As I reach another personal birthday, I look back at over half a century of personal experiences. Not so out of reach is my passion for healthcare, and that is prompting this discussion of what has happened to healthcare in the U.S. over that period. Recently the California Healthcare Foundation (www.chcf.org) published an incredibly interesting dynamic and informative report on healthcare cost, and the changes in cost and payments from 1960 to 2013 with some projections in to our current year. Wow! I urge anyone interested this industry to check out the footnoted references below.
From the report directly-
“Over the past five decades, there have been major shifts in how we pay for hospital care, physician services, long term care, prescription drugs, and other services and products. Fifty years ago, Medicare and Medicaid did not yet exist, and about half of hospital care was not covered by insurance. In 1960, almost 100% of the spending on prescription drugs came out of the consumer’s pocket, but by 2013, out-of-pocket spending was down to 17%.”
From 1960 to 2013, the cost of healthcare, in nominal terms, has increased 100 times. To put that in to some perspective, $1 USD in 1960 was worth $7.80 USD in 2013. That computes to an annual inflation rate of 3.95% over the 53 year span, or 681%. Healthcare costs has increased (not adjusted for population) at 2% higher than “real” inflation for that period. National health spending reached $2.9 trillion in 2013 and is projected to increase to $5.1 trillion by 2023 (between 2014 and 2023), and health spending is expected to grow at an average rate of 5.8% per year.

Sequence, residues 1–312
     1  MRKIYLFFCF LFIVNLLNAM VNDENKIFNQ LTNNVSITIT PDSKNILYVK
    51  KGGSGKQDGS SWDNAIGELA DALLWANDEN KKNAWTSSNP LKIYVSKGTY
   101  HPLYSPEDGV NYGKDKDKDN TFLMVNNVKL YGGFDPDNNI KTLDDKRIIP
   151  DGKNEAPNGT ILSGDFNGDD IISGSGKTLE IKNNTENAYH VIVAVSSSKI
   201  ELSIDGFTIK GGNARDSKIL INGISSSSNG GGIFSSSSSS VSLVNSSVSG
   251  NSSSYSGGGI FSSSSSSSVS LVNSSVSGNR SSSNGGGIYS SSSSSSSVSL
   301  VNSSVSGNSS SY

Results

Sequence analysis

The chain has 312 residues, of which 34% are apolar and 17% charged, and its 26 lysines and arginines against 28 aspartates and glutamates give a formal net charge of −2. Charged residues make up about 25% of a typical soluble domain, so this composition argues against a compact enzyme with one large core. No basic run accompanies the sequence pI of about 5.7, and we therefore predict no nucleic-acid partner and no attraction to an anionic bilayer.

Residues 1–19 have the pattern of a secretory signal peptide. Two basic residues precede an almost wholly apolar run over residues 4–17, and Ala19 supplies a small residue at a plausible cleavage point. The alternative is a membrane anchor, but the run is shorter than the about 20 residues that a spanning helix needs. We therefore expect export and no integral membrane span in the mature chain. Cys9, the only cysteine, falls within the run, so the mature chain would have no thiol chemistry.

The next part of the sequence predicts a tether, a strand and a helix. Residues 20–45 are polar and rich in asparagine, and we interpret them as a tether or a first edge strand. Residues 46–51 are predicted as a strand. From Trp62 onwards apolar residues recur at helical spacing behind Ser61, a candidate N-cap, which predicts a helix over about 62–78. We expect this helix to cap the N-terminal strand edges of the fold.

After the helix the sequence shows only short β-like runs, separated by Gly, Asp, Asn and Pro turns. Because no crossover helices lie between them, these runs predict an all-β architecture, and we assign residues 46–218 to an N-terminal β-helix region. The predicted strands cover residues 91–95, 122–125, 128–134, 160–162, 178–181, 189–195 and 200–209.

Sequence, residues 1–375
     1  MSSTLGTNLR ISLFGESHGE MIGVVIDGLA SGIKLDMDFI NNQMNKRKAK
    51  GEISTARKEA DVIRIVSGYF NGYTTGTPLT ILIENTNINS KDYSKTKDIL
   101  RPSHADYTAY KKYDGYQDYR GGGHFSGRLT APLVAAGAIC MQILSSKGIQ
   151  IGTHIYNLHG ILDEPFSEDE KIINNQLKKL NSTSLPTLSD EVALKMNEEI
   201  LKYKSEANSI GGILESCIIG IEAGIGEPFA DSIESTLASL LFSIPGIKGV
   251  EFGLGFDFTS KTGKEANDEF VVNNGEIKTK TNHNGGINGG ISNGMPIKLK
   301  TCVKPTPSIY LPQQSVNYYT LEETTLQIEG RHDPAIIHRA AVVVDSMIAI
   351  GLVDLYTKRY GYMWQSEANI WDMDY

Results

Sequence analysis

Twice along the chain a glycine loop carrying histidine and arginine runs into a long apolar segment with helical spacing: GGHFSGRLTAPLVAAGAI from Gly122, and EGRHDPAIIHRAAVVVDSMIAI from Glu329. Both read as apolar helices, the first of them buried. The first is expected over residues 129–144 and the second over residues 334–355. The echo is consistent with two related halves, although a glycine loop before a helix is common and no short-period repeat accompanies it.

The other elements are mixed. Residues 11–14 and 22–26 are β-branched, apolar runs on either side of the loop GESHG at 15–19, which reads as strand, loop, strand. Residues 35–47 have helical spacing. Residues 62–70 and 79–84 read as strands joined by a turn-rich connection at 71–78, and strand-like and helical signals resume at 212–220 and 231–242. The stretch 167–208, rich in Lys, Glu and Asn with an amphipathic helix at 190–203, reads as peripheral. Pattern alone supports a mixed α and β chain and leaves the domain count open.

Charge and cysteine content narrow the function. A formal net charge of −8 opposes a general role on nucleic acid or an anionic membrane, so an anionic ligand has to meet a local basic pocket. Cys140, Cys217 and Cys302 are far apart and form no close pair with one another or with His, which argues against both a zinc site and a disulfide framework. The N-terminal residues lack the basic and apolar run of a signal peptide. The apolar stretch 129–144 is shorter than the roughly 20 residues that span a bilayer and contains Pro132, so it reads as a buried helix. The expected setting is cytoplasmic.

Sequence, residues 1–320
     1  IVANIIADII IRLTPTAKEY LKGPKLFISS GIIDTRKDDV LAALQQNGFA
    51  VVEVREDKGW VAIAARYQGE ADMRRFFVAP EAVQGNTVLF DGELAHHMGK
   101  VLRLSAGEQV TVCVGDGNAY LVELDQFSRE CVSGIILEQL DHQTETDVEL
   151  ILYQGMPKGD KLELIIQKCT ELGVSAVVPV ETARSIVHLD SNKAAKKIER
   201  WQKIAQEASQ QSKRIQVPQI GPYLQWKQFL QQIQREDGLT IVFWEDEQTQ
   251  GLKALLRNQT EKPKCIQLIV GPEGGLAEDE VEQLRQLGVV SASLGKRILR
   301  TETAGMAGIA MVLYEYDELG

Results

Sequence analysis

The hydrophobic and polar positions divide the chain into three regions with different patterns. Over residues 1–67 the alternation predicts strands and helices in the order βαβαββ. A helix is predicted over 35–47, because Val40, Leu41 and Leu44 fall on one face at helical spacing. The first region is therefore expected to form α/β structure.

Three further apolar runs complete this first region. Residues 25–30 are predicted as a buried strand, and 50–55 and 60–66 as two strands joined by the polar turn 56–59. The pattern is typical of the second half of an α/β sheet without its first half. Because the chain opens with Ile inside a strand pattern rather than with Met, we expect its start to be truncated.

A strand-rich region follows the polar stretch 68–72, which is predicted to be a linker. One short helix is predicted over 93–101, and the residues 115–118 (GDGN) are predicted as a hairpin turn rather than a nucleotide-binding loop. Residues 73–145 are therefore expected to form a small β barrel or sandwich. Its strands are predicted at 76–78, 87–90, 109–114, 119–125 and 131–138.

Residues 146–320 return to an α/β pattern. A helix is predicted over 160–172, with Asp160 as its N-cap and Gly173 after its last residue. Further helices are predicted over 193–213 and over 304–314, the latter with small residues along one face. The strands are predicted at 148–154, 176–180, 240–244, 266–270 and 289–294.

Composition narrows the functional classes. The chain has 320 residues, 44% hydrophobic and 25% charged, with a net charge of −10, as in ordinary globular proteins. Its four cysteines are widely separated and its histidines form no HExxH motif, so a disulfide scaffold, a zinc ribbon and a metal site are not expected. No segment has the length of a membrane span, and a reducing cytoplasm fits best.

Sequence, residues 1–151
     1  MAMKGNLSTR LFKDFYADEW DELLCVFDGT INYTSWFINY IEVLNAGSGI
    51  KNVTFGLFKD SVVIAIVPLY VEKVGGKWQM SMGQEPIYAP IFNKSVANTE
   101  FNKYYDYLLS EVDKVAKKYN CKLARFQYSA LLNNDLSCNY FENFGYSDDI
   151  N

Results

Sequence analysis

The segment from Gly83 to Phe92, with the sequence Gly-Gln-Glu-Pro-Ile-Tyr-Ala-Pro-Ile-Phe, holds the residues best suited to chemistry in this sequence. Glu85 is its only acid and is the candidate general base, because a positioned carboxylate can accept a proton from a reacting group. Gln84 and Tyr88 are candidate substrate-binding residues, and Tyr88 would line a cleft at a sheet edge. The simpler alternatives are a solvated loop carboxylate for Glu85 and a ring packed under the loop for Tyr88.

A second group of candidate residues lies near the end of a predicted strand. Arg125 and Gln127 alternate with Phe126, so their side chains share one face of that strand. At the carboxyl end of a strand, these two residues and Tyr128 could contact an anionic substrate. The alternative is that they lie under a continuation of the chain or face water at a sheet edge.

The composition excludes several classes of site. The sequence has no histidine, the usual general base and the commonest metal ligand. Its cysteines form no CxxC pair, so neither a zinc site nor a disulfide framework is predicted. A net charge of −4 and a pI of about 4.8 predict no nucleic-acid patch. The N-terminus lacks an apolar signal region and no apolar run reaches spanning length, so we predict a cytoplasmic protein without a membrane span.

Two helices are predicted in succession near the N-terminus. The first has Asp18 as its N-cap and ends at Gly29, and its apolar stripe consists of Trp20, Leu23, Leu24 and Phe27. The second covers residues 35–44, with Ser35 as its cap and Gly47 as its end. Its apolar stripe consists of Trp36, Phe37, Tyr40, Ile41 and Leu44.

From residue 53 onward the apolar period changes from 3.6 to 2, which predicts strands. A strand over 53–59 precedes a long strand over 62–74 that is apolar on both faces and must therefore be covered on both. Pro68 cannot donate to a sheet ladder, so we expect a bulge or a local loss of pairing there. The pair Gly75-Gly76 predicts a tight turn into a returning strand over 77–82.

The problems is going to get worse until one of two things happened, we change the way we pay for healthcare, and we put consumers in control. Today there are 4 players in healthcare and of those 4, the consumer is not really represented. You have the Government, who pays for a progressively larger portion, with local, state and federal government paying for 43% of all healthcare. Then you have the Hospitals, doctors and insurance companies. Yes, I ignored pharmaceuticals, not because they don’t matter, they do; but because they are around 10% of total cost, and they will be the subject of my next blog.
Health spending on a per-capita basis were in 2013, for all ages, was $7,097 (USD), those from 65-84 spent $15,857, and the fast growing 85+ has been $34,783. Remember that the 77 million baby-boomer generation in 2013 were 48 to 67. Do the math? I think the numbers for 2023 may be more than $5 trillion.
In 1960 total U.S. healthcare expenditures were 5% of GDP and in 2013 it was noted above 17%. Those numbers don’t have to be adjusted for inflation or even population. Take a moment and see this graphic display of what we are referring to.
“This interactive graphic uses data from the U.S. Centers for Medicare and Medicaid Services (CMS) to show national spending trends from 1960 to 2013 for health care by payer. (Figures presented refer to personal health care, which, as defined by CMS, includes goods and services such as hospital care and eyeglasses, but excludes administration, public health activity, and investment.)”
– Noel J. Guillama, President